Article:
While it's unusual for a decade-defining record to come out in that decade's first year, it was clearly the case with Moondance. Coming after 1968's expansive, acoustic, jazz-inflected Astral Weeks, Moondance marks a complete about-face. The album would solidify Van Morrison as an FM radio mainstay, act as a midwife for the burgeoning genre of "soft rock," and help usher in the 1970s in America.
The famed title track started as a jazz saxophone instrumental, and Morrison played that original sax solo he wrote for the song. He told Rolling Stone magazine: "I used to play this sax number over and over, anytime I picked up my horn."
The flute is a big part of this song. It was played by Collin Tilton, who replaced John Payne on the instrument for the Moondance album.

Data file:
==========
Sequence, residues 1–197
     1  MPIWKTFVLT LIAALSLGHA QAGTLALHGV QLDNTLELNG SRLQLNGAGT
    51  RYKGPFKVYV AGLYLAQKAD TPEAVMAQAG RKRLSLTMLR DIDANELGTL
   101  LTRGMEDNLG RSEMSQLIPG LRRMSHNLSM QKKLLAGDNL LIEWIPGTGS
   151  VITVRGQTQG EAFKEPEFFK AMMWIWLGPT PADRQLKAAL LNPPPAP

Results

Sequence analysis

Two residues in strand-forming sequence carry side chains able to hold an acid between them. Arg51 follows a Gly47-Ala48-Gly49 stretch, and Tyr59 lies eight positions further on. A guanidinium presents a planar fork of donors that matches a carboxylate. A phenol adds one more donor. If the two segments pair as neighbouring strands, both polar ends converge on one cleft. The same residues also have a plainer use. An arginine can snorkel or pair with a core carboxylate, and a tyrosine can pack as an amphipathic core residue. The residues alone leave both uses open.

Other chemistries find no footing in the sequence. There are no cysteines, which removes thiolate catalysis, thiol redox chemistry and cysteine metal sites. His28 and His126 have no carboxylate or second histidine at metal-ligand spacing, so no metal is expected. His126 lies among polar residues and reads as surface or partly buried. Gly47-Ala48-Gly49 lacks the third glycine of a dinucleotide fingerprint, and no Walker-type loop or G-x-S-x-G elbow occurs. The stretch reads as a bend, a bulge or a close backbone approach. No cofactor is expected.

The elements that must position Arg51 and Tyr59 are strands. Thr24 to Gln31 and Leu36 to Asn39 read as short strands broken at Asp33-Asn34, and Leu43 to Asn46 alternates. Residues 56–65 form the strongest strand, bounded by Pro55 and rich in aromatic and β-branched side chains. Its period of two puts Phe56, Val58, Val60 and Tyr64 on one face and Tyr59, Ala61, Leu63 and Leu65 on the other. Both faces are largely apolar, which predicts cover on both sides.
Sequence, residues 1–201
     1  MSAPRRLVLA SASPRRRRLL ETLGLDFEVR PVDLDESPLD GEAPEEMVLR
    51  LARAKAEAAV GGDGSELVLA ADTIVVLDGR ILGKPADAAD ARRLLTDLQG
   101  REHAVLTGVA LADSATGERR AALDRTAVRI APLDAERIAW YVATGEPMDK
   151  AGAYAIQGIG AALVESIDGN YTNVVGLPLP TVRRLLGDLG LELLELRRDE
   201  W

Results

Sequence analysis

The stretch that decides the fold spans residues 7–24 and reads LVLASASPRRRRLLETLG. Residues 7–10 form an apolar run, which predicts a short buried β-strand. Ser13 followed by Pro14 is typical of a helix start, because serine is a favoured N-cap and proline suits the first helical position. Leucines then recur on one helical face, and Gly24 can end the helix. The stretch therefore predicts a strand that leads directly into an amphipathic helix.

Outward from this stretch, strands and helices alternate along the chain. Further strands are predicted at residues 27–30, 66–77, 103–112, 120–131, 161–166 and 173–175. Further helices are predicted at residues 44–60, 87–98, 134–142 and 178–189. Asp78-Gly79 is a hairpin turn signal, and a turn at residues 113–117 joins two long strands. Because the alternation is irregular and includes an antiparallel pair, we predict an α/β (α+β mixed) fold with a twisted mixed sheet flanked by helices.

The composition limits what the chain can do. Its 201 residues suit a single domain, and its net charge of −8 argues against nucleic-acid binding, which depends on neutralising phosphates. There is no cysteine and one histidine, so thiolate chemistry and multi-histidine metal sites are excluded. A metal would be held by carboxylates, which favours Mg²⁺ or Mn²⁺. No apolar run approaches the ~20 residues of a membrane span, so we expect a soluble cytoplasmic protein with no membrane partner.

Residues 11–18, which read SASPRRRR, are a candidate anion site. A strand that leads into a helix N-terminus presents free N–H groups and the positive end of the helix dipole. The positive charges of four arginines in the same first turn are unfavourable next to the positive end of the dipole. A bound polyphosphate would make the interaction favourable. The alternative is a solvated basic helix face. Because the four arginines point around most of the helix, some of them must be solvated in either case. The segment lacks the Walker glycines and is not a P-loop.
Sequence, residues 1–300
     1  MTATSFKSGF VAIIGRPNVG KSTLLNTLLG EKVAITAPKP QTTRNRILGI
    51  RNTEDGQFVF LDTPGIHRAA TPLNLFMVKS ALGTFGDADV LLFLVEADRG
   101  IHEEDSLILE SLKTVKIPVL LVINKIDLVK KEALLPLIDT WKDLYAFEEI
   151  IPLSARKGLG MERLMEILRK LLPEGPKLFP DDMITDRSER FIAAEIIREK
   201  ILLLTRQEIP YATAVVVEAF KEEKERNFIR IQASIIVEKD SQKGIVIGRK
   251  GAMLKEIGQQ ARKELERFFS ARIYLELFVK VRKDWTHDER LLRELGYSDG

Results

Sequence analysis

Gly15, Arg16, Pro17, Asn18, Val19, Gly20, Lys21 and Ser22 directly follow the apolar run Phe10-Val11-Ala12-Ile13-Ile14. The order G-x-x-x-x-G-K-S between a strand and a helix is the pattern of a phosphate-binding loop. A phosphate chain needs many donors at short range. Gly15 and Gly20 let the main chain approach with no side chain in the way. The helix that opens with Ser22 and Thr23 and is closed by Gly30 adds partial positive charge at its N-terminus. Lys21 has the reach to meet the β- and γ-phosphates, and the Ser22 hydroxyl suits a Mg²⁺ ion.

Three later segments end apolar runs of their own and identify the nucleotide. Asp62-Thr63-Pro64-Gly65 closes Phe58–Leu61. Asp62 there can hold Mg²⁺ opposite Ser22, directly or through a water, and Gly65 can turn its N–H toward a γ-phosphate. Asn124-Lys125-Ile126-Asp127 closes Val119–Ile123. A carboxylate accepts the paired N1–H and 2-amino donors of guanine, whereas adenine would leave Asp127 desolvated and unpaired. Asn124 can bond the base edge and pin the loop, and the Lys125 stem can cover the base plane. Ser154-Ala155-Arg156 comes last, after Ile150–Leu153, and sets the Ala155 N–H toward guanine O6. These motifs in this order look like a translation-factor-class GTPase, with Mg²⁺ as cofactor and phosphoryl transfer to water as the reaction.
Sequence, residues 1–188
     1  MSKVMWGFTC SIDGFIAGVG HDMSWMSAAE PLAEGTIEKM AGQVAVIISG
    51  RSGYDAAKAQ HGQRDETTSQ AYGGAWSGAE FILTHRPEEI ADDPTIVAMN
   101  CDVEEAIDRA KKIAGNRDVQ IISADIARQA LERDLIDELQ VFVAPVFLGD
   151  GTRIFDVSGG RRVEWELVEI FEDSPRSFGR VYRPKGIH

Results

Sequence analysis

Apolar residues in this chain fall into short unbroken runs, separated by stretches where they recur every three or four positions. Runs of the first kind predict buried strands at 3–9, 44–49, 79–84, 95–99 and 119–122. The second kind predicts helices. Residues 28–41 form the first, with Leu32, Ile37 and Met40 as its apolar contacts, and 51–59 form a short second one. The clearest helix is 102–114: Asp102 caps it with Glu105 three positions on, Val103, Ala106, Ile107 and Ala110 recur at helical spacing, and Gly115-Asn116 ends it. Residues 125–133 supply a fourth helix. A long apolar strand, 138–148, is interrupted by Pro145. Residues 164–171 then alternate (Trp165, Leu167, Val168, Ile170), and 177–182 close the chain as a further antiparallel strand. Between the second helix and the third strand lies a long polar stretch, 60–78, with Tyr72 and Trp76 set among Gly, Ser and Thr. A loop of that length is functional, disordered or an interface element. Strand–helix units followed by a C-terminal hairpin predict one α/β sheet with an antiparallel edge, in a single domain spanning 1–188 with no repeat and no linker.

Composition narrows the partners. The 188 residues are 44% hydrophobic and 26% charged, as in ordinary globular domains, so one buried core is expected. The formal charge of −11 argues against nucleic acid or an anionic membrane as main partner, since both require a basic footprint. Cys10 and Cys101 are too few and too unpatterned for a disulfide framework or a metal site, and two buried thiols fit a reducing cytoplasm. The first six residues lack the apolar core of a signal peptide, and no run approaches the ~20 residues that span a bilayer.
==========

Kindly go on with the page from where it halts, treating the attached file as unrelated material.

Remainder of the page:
Pianist and organist Jeff Labes recalled the recording of the track to Uncut: "I remember 'Moondance' itself was a big question mark. It was jazzy, and didn't seem to belong to the pack. The first time we recorded it, it came out really well, but Van thought there must be a catch. So we did it about a dozen times, and ended up going back to the first one, He liked to sing live along with the track, because Sinatra did that. He loved having a first-take vocal. He was looking for the magic."
The R&B influence that had been part of Morrison's toolkit since his days fronting them truly came to the fore at last across the album's landscape. "Crazy Love," "Caravan," and "Brand New Day" could have been covered by any great soul singer, even as they redefined "soul" through the filter of Morrison's eclectic sensibilities. An openhearted record full of truly inspirational moments, Moondance is Van at the absolute top of his game.